A quick guide for Mumbai | Travel Monk Rider

22nd Sep 2021
Photo of A quick guide for Mumbai | Travel Monk Rider by Abhimanyu Katoch | Travelmonkrider

What is the first thing comes in your mind when someone talks about Mumbai? Some can say food, night life, beaches or film city. Although it is not a relaxing or hill station kind of place but it is one of its kind of place. Mumbai is a crowded city but there are lots of things to explore. Yes, Mumbai isn’t the place to go for a little relaxation in lap of nature, but if you want to see a city brimming with life, culture, and history, it’s the place to go.

Day 1

Nariman Point to Malabar Hill

This is one of the city’s most renowned roadways, which runs from Nariman Point to Malabar Hill and offers panoramic views of the Arabian Sea.

It’s beautiful to go along the street at sunset (just like the locals do in the city). If you want to do this in the early afternoon, just be aware that it will be quite hot, and the sun will be oppressive.

Gateway of India

Once the midday heat is passed and the sun begins to set, you’ll observe a large swath of travellers and residents alike go to the shorefront near the Gateway of India to enjoy the view.

It’s an amazing sight to witness, especially around sunset.

When the midday heat has passed, and the sun begins to set, you’ll see a large crowd of travelers and residents alike go to the shorefront surrounding the Gateway of India to enjoy the view.

It’s a unique sight to behold, particularly around sunset.

Day 2

Sip cocktails on the rooftop

Apart from a 200-foot boat (which I wish I could have), the greatest location for sundowners is the Four Seasons Rooftop bar — even if you’re not staying at the hotel, it’s a stylish institution with some fairly amazing views across the city. Expect costs to be far more than local eateries, but if you’re seeking a unique experience, it’ll be well worth it.

Crawford Market

Crawford Market, perhaps one of the city’s most famous marketplaces, is the ideal spot to experience the rush and bustle of Mumbai’s market life. There are many shops selling anything from spices to veggies to prepared meals, as well as some of the greatest Pani Puri in the world.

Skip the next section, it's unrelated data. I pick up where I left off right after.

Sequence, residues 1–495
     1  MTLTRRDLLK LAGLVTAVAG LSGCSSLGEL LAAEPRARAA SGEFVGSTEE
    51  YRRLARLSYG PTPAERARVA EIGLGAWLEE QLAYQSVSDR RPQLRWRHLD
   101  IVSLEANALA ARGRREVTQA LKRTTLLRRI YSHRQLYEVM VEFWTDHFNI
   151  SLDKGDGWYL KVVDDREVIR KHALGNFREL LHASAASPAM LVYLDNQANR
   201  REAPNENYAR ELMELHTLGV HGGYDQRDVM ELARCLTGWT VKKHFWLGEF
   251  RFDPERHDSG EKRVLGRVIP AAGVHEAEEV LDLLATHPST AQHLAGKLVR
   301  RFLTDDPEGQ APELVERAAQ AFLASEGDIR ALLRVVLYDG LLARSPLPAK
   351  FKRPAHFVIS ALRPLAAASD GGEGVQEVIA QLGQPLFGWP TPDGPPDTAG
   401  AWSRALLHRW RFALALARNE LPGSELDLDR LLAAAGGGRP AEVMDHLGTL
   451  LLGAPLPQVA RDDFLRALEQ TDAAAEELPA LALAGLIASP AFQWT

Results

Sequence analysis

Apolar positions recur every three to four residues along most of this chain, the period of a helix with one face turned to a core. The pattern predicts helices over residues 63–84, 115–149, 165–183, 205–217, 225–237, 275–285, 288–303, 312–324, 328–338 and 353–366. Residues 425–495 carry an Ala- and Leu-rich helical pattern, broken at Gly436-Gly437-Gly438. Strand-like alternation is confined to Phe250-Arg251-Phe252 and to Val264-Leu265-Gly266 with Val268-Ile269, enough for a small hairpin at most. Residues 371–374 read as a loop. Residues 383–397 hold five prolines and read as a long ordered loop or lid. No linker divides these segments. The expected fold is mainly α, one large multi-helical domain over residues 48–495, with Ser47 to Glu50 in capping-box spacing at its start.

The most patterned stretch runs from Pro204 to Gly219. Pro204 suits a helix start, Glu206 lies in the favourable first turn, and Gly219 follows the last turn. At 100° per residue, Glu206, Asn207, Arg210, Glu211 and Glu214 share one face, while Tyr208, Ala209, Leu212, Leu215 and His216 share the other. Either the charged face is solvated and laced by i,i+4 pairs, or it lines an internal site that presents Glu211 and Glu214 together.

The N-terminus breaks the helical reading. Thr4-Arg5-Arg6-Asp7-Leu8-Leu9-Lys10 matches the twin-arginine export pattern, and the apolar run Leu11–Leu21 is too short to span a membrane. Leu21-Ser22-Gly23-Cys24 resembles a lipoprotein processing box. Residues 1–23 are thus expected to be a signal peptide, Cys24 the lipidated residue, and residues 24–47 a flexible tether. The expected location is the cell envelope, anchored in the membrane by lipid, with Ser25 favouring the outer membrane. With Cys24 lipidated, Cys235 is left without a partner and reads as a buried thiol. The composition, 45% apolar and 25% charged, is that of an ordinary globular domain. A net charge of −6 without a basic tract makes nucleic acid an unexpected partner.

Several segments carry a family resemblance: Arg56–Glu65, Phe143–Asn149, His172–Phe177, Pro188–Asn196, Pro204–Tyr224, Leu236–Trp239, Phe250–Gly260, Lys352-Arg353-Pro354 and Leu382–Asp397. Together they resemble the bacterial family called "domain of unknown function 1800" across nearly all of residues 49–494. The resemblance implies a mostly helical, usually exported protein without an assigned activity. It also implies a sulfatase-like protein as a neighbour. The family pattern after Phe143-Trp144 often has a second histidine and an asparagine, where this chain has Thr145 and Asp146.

Quality is paramount in Peshawri, as is adhering to the Indian custom of community dining. If you’re a gourmet like me, it’s one of the finest things to do in Mumbai.

Take a seat on one of the benches or stools, wash your hands, and dig into some of the delectable Indian cuisines on offer.

Try their spicy green beans, garlic naan, Roti, and clay-oven tandoori dishes.

Day 3

Mumbai Taj

The Taj Mahal Palace is one of Mumbai’s most well-known structures. It’s one of the city’s most prestigious places to stay, but if you want a taste, go inside the Masala Kraft restaurant, which serves some of the city’s best contemporary Indian cuisines.

The entire structure is a stunning blend of European and Arabesque influences that harkens back to Mumbai’s heritage. It is, without a doubt, one of the greatest things to do in Mumbai.

Day 4

Haji Ali Dargah Mosque:

Haji Ali Dargah Mosque is a wonderful location to visit, located on a tiny island in the midst of Worli Bay.

It’s open every day, but because it’s connected to the coast by a small boardwalk, you might have to wait till the tide goes out to get there.

Rickshaws Rides

Rickshaws are a popular mode of transportation in India and a great way to tour the city. These clever little rides were born out of the necessity to manoeuvre in between the crowded streets and are a lot of fun. Take a city tour or simply hop on one to get from point A to point B. It is, without a doubt, one of the greatest things to do in Mumbai.

The rickshaw is an excellent way to explore the city; however, be prepared for heavy traffic and stomach-churning driving.

Day 5

Chhatrapati Shivaji Maharaj Vastu Sangrahalaya

The Museum, which was originally named after the Prince of Wales in the Victorian era, has now been renamed the Chhatrapati Shivaji Maharaj Vastu Sangrahalaya, or CSMVS for short.

This amazing faux-Renaissance structure has a vast collection of items and manuscripts, as well as textiles, all of which are related to Mumbai’s long and storied past.

Global Vipassana Pagoda

The Global Vipassana Pagoda is located northwest of the city and is the ideal location to see the region’s most famous temple halls.

It will now take you around 2 hours to get here, so depart early in the morning to avoid exploring the site during the noon heat. It is indeed a sight to behold since it is home to the world’s biggest stone dome. Make sure to visit the world’s largest pagoda.

Sanjay Gandhi National Park

Sanjay Gandhi National Park, located just outside of Mumbai, is a magnificent (and protected) location that every visitor to Mumbai should see.

This tropical paradise is home to hundreds of plant species, stunning landscapes such as the Shilonda waterfall, and if you’re fortunate, you could even glimpse a leopard or two.

Don’t miss the Kanheri Caves, which are part of the Buddhist monks’ monastery structures.

Hanging Garden of Mumbai:

It’s located on the Malabar Hill slope and is a complete pleasure. Explore the terrace gardens and enjoy a bird’s-eye view of Marine Drive and Chowpatty Beach from the top.

You could even come across some of the trimmed trees that have been sculpted and manicured into various forms.